Edited: I received photos from the shop and I’m wondering if this changes any opinions.
I have a 2016 Chevy Malibu LT 1.5L in Florida that we’ve had for going on 1.5 years. I’m sorry this is so lengthy.
I want to better understand and also confirm if the diagnosis we were given could be legitimate. I’m not a mechanic so to me it’s not making sense.
Our car has been running perfectly, no noises or any giveaways there was an issue. We went to leave in our car after using the car just an hour prior. When we reversed, there was a pulsating of the brakes which felt like the ABS had engaged. No warning lights appeared. We went forward and then back again to try and pinpoint what was going on.
We noticed it was only in reverse so we decided to go forward and see what would happen. After going only 100 ft max, we pressed the brakes normally to slow down but the car responded more like we had slammed on the brakes. There were still no warning lights on the dash. We took it back home where we parked it and left the car.
A few minutes after leaving I got a warning alert through the Chevy app that there was an issue with my ABS and something to the effect that if there were no warning lights I needed to take it to the shop. Two hours later we returned home. We decided to give it a better look and at this point our check engine light was on, no other warning lights.
After reading info we decided to pull the ABS fuses just to see if the problem still occurred. Mainly we hoped it wouldn’t so we could drive our car to the shop instead of towing it. The result was that other than the brakes feeling more stiff, for lack of a better word, the pulsating was gone. This was however a short experiment so we didn’t drive it extensively to really test it out.
Fast forward we decide to tow it to the shop and this is the diagnosis they gave.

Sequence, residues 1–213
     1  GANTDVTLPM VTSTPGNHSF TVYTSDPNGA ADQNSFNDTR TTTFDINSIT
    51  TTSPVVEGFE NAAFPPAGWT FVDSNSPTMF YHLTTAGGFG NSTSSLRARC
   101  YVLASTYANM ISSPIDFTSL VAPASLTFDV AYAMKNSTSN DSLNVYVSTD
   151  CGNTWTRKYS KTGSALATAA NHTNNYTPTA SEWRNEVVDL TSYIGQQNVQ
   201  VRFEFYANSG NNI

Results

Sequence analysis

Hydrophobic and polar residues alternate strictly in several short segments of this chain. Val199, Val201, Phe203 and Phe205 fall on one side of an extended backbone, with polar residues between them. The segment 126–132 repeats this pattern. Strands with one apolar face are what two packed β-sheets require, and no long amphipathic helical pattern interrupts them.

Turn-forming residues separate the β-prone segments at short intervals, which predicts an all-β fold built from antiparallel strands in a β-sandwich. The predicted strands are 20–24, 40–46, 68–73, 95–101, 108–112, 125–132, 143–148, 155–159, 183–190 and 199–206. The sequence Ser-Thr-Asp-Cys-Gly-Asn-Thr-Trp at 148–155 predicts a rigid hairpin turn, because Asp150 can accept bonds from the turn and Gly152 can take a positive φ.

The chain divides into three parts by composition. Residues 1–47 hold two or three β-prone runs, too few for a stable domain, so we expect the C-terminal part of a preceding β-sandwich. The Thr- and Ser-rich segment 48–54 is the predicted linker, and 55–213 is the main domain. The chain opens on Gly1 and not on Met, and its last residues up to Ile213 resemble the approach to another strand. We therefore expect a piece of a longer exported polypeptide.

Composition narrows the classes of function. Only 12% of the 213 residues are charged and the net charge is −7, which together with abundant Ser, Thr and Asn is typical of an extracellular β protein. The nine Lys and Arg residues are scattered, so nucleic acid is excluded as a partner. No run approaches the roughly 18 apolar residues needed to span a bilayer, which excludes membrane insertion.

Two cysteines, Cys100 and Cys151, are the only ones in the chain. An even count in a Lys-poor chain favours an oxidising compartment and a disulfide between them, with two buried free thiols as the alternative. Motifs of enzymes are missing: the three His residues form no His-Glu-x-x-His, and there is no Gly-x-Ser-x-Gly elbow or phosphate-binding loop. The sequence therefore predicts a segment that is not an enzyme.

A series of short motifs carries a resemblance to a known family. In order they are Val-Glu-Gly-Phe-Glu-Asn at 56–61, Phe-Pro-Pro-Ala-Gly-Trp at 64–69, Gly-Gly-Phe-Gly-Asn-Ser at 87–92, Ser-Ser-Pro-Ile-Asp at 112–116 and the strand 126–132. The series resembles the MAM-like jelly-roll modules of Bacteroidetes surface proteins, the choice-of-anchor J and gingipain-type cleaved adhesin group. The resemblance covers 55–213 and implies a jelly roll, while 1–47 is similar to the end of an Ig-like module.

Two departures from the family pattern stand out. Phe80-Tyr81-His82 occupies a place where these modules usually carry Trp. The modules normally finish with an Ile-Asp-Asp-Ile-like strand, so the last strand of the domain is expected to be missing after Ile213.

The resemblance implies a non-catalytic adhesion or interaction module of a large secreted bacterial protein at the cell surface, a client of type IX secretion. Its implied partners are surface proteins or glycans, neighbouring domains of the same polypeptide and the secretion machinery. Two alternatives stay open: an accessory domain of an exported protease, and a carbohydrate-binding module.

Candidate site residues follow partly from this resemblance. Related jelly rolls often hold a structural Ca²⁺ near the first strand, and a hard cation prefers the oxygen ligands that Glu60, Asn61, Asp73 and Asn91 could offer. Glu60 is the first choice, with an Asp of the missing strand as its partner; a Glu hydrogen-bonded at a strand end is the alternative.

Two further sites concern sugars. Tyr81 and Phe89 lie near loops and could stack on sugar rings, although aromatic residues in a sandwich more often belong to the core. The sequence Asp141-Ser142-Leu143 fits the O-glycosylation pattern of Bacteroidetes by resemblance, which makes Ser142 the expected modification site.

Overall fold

- Replace Front Brakes and Rotors (that can’t be cut) due to heavy rust.
- Replace Rear Brakes and Rotors due to the heavy rust AND they assume the calipers locked up which is the pulsating we felt. The calipers etched (?) the rotors. So, Pads, rotors and calipers in the rear.
- They were able to see the ABS code that it threw but they aren’t entirely sure why and they thought perhaps because the calipers locked up it may have triggered the ABS code. I don’t know the exact code.
Now, they asked if we knew if the car came from up North, which we aren’t sure. That was the suggestion they gave as a possibility for the rust because it didn’t make sense to us. However, we’ve had our car in the shop on multiple occasions, the most recent being 5 months ago for tires.
If the rust is so bad the rotors can’t be saved wouldn’t the rust be noticed then? It isn’t sitting unused as it is our daily driver.
Also, can calipers lock up and not make noise? We never heard noise of any sort prior to this that would give away the idea that something was going wrong.
If the calipers locked up for the first time when we were reversing could they have done damage to the rotor in only a few presses of the brakes?
If the brakes and rotors are heavily rusted, wouldn’t we hear some of the tell tale noises that brake make under those circumstances?
Lastly, if it was the calipers and brakes causing the pulsating and odd hard brake stop why would the problem go away when the ABS fuses were pulled?
This is the Chevy dealer we’ve been taking our vehicle to and I want to feel comfortable with their diagnosis. Everything I’ve said here is what they’ve told us when we’ve tried to better understand it.
I have not been to the shop since they called this afternoon to visually see what they are seeing. I’m just trying to understand how all of this could actually line up because obviously I’m not a mechanic.